Opinion | Finance

American demands of European banks now cause them to suffer

The views expressed by contributors are their own and not the view of The Hill

Over the last decade, the alliance between the United States and one of our largest trading partners, the European Union, has been tested as a result of systemic efforts by authoritarian countries like Russia to divide the North Atlantic Treaty Organization and increase their regional power through military action, election tampering, and disinformation.

Yet an often undiscussed but equally important test of the relationship between the United States and the European Union revolves around the global banking sector. With the dollar strongly dominating international transactions, American regulators have been uncompromising in forcing European banks to comply with American demands for transparency. Indeed, these demands are grounded in fears of the money laundering activities that emanate predominantly from former Soviet states.

While this unforgiving stance from the American authorities is perhaps reluctantly accepted by European regulators, it could have unwelcome consequences for the banks themselves. When a European bank is faced with a suspicion of money laundering from American authorities, then it at once finds itself excommunicated from the global financial network, and no other institutions will risk dealing with the possible perpetrator.

Purely national banks or funds could possibly remain active, but any of the institutions with an international business could hardly survive the United States Treasury Department announcing a new investigation into money laundering. A case in point here is the conviction of ABLV Bank of Latvia for laundering 900 million euros and its subsequent liquidation, along with death threats to the chief executive officer. More concerning was the criminal investigation of Danske Bank, where Danish authorities charged the chief executive officer, who was ultimately driven to suicide.

The authorities also charged his replacement and then eventually most of the management board with one of the most explosive money laundering scandals in the world. European regulators reeled as prosecutors exposed more than $224 billion slipping through the Estonian branch of Danske Bank between 2007 and 2015. Indeed, international cooperation between financial authorities is growing and the monitoring mechanisms are now being bolstered. But history often repeats itself and European regulators are rather determined to avoid further embarrassment at any cost.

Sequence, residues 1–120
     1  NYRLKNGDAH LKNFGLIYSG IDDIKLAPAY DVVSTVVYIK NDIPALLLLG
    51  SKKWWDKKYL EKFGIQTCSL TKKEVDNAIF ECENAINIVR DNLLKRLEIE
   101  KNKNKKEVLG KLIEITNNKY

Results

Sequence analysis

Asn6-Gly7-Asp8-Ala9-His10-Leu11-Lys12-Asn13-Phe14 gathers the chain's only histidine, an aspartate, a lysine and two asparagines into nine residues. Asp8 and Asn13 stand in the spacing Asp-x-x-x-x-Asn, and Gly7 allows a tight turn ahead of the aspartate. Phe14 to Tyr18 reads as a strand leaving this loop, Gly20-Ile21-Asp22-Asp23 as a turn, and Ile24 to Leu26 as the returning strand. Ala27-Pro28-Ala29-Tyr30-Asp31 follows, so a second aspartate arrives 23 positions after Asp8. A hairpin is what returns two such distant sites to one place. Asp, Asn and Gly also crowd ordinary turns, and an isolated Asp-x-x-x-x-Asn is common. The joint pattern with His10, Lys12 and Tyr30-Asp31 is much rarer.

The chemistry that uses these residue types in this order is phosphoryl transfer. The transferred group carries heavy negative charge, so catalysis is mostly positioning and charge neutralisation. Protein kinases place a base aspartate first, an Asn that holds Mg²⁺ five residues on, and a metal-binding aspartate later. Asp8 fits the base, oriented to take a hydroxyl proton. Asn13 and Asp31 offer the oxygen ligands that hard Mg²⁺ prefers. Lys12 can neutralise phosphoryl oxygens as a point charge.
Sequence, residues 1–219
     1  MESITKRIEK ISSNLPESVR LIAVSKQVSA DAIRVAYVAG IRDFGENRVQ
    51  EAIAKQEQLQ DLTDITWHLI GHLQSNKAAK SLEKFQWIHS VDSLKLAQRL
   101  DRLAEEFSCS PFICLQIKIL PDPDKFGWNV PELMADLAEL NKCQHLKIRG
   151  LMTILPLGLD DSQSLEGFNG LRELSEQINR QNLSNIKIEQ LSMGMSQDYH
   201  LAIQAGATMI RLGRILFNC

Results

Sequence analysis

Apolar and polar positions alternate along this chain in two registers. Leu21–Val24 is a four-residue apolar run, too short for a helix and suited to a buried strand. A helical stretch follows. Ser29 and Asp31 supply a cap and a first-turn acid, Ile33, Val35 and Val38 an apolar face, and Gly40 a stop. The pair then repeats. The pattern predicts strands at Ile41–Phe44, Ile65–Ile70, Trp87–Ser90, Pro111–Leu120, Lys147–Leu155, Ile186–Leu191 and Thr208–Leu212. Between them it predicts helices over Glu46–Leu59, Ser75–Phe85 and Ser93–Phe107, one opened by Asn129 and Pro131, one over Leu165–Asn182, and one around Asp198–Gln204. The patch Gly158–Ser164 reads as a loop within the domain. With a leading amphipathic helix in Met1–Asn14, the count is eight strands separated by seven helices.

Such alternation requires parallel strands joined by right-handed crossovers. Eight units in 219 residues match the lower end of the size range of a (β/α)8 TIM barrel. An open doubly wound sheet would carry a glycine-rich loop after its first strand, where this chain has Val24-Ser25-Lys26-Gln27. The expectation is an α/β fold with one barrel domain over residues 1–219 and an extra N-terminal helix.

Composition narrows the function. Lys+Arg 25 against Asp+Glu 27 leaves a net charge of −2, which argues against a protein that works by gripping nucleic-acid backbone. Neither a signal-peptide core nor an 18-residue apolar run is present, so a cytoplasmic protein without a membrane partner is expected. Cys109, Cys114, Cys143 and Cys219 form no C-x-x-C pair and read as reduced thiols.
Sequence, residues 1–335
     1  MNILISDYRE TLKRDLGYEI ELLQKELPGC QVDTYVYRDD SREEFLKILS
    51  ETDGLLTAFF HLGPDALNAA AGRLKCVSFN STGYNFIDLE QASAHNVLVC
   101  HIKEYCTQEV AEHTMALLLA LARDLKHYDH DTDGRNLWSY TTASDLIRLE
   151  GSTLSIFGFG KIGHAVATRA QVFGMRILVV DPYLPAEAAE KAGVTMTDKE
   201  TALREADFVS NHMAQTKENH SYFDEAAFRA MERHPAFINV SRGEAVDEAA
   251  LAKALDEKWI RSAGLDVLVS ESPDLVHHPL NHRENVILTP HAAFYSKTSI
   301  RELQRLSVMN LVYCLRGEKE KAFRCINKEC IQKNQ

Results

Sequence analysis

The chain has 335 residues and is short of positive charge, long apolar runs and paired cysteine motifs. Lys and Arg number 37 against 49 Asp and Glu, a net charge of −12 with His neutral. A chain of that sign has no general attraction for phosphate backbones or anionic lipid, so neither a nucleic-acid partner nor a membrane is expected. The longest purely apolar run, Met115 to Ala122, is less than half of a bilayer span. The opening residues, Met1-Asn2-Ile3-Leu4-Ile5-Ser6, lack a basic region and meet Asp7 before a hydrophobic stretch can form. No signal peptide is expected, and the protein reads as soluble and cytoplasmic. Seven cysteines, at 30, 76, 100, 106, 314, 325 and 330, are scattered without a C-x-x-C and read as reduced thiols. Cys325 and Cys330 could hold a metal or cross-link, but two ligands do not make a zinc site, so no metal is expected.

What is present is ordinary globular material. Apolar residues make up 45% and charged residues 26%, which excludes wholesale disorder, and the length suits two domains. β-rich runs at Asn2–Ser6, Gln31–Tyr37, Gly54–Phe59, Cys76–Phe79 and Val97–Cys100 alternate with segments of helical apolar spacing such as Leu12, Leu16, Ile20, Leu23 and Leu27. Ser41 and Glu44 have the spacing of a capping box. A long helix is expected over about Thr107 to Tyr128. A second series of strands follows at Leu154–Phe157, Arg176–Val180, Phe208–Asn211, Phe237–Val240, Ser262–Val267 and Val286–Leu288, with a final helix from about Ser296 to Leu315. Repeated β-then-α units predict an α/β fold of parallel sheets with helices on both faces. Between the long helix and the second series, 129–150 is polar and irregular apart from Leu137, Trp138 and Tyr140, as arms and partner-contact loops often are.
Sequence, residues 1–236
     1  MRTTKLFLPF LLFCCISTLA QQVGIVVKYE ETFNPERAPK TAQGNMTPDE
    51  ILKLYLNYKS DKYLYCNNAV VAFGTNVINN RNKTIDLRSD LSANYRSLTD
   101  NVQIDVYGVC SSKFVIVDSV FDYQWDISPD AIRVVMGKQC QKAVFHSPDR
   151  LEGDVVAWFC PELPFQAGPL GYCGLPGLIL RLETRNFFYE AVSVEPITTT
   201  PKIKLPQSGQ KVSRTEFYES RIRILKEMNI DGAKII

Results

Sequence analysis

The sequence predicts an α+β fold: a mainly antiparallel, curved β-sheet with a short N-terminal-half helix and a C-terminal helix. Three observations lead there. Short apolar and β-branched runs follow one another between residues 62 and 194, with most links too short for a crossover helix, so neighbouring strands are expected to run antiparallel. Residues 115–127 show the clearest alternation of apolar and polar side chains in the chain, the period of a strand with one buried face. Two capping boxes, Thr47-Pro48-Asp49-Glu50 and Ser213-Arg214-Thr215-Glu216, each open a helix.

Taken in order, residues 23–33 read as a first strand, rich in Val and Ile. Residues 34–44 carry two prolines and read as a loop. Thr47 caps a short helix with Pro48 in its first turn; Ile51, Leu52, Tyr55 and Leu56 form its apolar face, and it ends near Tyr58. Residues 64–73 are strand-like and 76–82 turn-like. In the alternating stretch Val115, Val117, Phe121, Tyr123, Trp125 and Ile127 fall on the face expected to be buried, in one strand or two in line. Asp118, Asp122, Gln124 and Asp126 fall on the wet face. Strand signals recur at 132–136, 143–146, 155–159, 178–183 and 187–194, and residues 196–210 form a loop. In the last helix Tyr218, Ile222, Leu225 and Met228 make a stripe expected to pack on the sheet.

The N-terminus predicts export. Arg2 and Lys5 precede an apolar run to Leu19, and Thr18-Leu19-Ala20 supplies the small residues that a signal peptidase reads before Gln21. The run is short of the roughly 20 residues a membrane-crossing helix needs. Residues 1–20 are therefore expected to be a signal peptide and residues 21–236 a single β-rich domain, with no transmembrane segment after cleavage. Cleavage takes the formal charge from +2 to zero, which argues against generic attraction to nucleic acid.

Moreover, this threat stretches far beyond former Soviet states to China, as well as countries in the Middle East. In China, some state owned banks, such as the China Construction Bank and the Industrial and Commercial Bank of China, are developing at a rapid pace. Anxiety has been growing because should another financial crisis occur, structural and regulatory differences between the American and European financial sectors have made the European financial sector more vulnerable to Chinese and Middle Eastern investments that are rich in sovereign wealth funds.

When black market money reaching American shores from the European Union led to concerns for American financial stability, the United States started a clampdown on tax evasion in Switzerland, leading to reciprocity and the coordination of information exchange. The consequences have included the beginnings of a fundamental improvement within financial stability both in the United States and the European Union. Indeed, the last decade has seen a systematic decline in the ability of Swiss private banks to offer secure tax free havens for "unexplained" foreign funds.

Ever since the 2008 financial crisis and following recession, American policymakers have taken a more flexible approach to regulation than has the European Union, which has focused on a more rigorous supervisory regime to reflect the single market supervisory resolution mechanisms. As the United States and the European Union have such different systems of financial supervision, their application in the international arena is bound to contrast. Unfortunately, the absence of common standards has beset the American and European banking partnership with inconsistencies.

Twelve years on from the 2008 financial crisis, the business outlook is strong for American financial institutions in both the investment and the corporate banking sectors, but European banks struggle with stringent regulation and the debt crisis across the continent, while Brexit has cast further doubts on financial stability. European lawmakers are certainly nervous, as banking scandals are shaking the industry. It is unsurprising that European regulators have been forcing reform through the industry, and European rules are becoming much more stringent each year.

It is easy to understand why the United States wants to protect an already fragile financial system from funds originating in former Soviet states and laundered through European banks. However, it will be difficult for each side to agree on mutual standards from a risk regulation perspective, and surely a lack of common international financial standards needs to be addressed, as these contrasting regulatory requirements are causing irreversible damage to the prospects for global financial stability.

Douglas Schoen is an adviser to Michael Bloomberg and a former pollster for President Clinton. Ana Nacvalovaite holds a doctorate in the regulation of sovereign wealth funds from Oxford University and conducts research on responsible and alternative investment funds for a forthcoming book.

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